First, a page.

Problem-solving therapy for depression and common mental disorders in Zimbabwe: piloting a task-shifting primary mental health care intervention in a population with a high prevalence of people living with HIV

There is limited evidence that interventions for depression and other common mental disorders (CMD) can be integrated sustainably into primary health care in Africa. We aimed to pilot a low-cost multi-component 'Friendship Bench Intervention' for CMD, locally adapted from problem-solving therapy and delivered by trained and supervised female lay workers to learn if was feasible and possibly effective as well as how best to implement it on a larger scale. (2011)

Enhancing training of community health workers in DRC through effective management

Evidence of the need to scale up the number of frontline health workers in developing countries abounds throughout sub-Saharan Africa, as described in the recent post in this blog by Avril Ogrodnick of Abt Associates. Yet training new health workers is not sufficient, in itself, to sustainably address the crisis – governments must also invest in providing management support to harvest the full value of these trainings.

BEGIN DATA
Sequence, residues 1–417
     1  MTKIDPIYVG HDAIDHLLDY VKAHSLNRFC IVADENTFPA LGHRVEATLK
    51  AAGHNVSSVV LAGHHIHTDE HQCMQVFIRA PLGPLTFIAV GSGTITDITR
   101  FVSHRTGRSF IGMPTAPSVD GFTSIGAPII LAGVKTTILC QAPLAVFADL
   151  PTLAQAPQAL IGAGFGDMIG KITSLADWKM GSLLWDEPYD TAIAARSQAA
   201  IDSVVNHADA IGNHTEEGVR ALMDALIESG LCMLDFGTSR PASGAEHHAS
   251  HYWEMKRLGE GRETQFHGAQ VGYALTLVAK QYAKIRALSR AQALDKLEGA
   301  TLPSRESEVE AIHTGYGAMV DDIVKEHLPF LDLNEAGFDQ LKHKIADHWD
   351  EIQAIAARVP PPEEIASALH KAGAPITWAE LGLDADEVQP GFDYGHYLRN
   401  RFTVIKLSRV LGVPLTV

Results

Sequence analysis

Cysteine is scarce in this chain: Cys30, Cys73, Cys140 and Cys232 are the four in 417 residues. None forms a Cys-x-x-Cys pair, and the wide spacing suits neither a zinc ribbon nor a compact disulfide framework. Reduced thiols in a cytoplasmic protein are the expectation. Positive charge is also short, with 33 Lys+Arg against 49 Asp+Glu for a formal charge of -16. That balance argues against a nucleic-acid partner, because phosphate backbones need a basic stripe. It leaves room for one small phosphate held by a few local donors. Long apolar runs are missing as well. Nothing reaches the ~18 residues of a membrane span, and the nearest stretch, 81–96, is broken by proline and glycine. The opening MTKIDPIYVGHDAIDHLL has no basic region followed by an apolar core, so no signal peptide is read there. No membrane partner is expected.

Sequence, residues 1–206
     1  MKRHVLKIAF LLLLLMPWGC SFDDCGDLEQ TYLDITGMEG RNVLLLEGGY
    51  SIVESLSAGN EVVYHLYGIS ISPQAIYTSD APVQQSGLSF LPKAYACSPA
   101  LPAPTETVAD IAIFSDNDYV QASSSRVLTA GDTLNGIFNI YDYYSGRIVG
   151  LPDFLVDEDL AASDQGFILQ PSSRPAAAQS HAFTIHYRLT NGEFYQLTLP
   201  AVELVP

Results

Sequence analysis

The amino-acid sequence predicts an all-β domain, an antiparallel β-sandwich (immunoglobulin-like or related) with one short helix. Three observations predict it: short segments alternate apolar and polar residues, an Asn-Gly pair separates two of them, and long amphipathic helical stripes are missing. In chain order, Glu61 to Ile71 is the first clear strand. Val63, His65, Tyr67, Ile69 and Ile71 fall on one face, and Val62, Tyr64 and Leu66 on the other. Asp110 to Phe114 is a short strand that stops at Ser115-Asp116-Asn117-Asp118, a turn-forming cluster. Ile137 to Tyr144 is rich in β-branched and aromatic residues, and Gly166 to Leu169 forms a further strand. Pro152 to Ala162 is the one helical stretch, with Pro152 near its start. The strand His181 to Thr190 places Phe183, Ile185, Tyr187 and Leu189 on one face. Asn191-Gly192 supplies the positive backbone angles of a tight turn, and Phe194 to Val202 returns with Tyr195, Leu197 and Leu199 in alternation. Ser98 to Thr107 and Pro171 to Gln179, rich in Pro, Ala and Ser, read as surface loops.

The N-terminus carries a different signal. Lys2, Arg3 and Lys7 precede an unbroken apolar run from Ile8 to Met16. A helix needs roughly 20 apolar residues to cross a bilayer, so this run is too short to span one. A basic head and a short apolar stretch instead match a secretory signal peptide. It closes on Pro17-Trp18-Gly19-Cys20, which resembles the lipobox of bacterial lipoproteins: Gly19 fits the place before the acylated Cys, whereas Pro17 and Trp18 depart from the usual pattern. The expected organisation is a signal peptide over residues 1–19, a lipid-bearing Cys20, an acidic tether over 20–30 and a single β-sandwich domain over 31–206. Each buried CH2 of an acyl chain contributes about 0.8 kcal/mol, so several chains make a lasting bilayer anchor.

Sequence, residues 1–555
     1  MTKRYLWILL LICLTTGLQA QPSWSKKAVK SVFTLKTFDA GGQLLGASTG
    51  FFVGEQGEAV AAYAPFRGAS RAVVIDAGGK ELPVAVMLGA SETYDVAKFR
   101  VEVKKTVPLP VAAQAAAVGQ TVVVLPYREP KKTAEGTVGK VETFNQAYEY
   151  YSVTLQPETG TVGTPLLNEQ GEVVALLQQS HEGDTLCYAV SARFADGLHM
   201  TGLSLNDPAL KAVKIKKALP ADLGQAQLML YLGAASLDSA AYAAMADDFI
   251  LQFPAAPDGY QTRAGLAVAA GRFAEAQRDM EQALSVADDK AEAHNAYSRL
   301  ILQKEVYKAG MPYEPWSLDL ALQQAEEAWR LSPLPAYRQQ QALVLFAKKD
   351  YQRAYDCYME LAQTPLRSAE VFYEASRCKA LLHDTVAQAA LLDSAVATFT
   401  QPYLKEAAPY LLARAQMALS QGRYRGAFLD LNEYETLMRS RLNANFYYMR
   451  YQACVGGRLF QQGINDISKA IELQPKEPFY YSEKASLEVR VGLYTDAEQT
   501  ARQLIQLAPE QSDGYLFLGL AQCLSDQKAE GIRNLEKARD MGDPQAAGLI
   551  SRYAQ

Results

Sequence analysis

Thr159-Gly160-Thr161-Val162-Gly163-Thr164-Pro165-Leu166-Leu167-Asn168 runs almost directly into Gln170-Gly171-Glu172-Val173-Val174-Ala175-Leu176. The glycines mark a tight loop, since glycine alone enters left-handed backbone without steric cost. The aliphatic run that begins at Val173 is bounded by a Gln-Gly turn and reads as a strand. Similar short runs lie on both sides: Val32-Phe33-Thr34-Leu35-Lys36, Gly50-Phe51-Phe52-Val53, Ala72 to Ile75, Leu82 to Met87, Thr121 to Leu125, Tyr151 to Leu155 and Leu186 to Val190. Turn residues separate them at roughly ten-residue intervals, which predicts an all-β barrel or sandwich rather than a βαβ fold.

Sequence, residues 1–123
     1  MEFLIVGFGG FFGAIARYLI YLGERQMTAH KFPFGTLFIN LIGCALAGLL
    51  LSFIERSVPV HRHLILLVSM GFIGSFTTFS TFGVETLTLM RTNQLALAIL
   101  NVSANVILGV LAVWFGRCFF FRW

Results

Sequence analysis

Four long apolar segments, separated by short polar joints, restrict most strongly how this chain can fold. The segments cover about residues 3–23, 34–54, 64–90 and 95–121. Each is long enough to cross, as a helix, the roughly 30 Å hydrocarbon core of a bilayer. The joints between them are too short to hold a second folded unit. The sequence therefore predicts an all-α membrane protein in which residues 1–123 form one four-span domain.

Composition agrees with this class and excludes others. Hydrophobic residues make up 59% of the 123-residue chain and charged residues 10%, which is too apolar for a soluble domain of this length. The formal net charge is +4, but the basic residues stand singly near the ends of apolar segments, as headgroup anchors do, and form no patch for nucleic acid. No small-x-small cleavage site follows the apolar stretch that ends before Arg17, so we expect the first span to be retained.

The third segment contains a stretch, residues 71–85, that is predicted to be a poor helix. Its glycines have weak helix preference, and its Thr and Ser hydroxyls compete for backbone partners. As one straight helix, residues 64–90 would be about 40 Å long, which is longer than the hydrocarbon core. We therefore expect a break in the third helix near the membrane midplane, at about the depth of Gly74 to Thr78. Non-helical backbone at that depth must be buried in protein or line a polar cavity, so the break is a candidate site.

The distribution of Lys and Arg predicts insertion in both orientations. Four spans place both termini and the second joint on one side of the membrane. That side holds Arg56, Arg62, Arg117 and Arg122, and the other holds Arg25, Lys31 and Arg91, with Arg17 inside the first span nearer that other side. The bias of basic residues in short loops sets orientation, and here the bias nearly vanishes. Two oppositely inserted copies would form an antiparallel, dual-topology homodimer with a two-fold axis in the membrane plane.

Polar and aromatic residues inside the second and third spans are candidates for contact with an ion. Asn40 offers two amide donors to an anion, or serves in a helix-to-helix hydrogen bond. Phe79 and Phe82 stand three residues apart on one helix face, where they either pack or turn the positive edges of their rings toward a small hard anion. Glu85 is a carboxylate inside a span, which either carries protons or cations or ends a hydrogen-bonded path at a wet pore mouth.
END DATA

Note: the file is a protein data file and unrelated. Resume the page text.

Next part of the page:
Make Recife Count: Adapt HRH to the UHC Agenda

Worldwide, there are severe shortfalls in the health workforce — not just in the quantity of doctors, nurses and other health workers, but in their management, performance and geographical distribution.

These shortfalls are particularly glaring in light of the global movement for universal health coverage, progress toward which will require a high-functioning workforce.

A Call to Scale-Up Community Health Workers

This post is co-authored with Sonia Sachs on behalf of the 1 Million CHW Campaign.

Public health officials and practitioners from around Africa and from international public and private organizations, businesses, and universities, met in Accra, Ghana June 9-11 to consider ways to scale-up the coverage of high-quality community health worker (CHW) systems in our countries to achieve universal health coverage (UHC). In the meeting they pledged to work together to speed the scale-up of CHW systems in sub-Saharan Africa, and issued the following urgent appeal.

Integrating national community-based health worker programmes into health systems: a systematic review identifying lessons learned from low-and middle-income countries

A systematic review of published research was conducted in order to understand factors that may influence the integration of national community-based health worker (CBHW) programs into low- and middle –income countries. Four programs – Brazil, Ethiopia, India, and Pakistan – met the inclusion criteria and were integrated into their specific health systems. Several factors were included that facilitated the integration process, as well as other factors that inhibited the integration process.